By Cosmos Mariner, July 31, 2017
4. Warrior, brother & leader Marker
(Lake Michigan/Straits of Mackinac in the background)
was a well-versed chief, interacting with Europeans and other tribes, and undoubtedly spoke many languages. As a more worldly man, he represented the changing life and times of the Native Odawa and the pressures they faced to remain in their ancestral homelands of Northern Michigan.
 
Topics. This historical marker is listed in these topic lists: Colonial EraNative AmericansWar, French and IndianWar, US Revolutionary.
 
Location. 45° 47.322′ N, 84° 46.362′ W. Marker is in Mackinaw City, Michigan, in Emmet County. Marker can be reached from Headlands Road north of McGulpin Point Road, on the right when traveling north. Marker is located along the Discovery Trail at McGulpin Point Lighthouse & Historic Site. Touch for map. Marker is at or near this postal address: 500 Headlands Road, Mackinaw City MI 49701, United States of America. Touch for directions.
 
Other nearby markers. At least 8 other markers are within walking distance of this marker. At The Water's Edge (within shouting distance of this marker); At the Water's Edge (within shouting distance of this marker); Charles de Langlade (about 300 feet away, measured in a direct line); Settling the Straits (about 400 feet away); McGulpin Family Life (about 500 feet away); Minneapolis (about 600 feet away); William H. Barnum (about 600 feet away); James W. Bennett (about 600 feet away). Touch for a list and map of all markers in Mackinaw City.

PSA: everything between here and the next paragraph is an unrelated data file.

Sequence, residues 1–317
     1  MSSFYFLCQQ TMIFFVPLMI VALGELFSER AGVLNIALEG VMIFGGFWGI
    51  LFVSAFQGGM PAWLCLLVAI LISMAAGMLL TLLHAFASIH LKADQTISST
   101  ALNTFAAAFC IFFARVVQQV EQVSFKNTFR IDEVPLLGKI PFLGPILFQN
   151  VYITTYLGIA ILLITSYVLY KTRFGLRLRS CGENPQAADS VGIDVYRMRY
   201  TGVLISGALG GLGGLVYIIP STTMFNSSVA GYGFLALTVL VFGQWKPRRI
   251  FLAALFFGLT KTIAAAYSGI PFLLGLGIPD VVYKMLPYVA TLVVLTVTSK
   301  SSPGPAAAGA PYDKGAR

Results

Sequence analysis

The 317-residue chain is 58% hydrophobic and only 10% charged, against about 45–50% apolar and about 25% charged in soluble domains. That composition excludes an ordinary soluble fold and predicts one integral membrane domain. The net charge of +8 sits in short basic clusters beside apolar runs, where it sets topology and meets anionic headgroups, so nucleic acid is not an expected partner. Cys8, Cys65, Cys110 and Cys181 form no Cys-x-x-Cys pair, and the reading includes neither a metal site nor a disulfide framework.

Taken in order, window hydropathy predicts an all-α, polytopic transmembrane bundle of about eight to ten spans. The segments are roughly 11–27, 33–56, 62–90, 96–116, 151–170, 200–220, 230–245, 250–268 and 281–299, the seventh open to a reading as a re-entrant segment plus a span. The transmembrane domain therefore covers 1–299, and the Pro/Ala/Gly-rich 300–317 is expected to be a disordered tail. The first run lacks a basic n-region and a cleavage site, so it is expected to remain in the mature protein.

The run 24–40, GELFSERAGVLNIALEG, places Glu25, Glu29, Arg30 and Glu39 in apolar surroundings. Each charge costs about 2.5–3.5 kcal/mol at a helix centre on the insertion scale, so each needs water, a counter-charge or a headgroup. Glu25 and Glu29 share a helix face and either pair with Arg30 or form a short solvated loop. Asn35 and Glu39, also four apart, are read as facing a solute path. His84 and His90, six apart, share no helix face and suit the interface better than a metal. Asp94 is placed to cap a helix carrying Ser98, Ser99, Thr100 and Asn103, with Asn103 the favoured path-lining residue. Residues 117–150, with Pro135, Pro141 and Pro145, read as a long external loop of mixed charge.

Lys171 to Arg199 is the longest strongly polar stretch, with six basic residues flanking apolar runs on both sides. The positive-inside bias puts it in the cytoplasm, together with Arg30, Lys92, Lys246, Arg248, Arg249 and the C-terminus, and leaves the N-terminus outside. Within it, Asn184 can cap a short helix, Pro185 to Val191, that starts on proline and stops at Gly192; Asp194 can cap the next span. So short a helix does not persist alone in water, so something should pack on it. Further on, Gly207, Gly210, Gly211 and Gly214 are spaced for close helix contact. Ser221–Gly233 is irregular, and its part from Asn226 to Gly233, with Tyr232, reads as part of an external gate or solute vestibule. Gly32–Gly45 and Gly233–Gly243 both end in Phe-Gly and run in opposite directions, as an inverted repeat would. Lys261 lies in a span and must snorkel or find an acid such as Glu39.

Related markers.
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Click here for a list of markers that are related to this marker. Discovery Trail to the Straits of Mackinac
 
Also see . . .  Discovery Trail to the Straits of Mackinac. Odawa Nissowaquet was among the most influential and powerful Native Americans in the region and state. (Submitted on August 16, 2020, by Cosmos Mariner of Cape Canaveral, Florida.) 
 
 
Credits. This page was last revised on August 17, 2020. It was originally submitted on August 14, 2020, by Cosmos Mariner of Cape Canaveral, Florida. This page has been viewed 66 times since then and 3 times this year. Photos:   1. submitted on August 15, 2020, by Cosmos Mariner of Cape Canaveral, Florida.   2, 3, 4. submitted on August 16, 2020, by Cosmos Mariner of Cape Canaveral, Florida.
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Mar. 3, 2021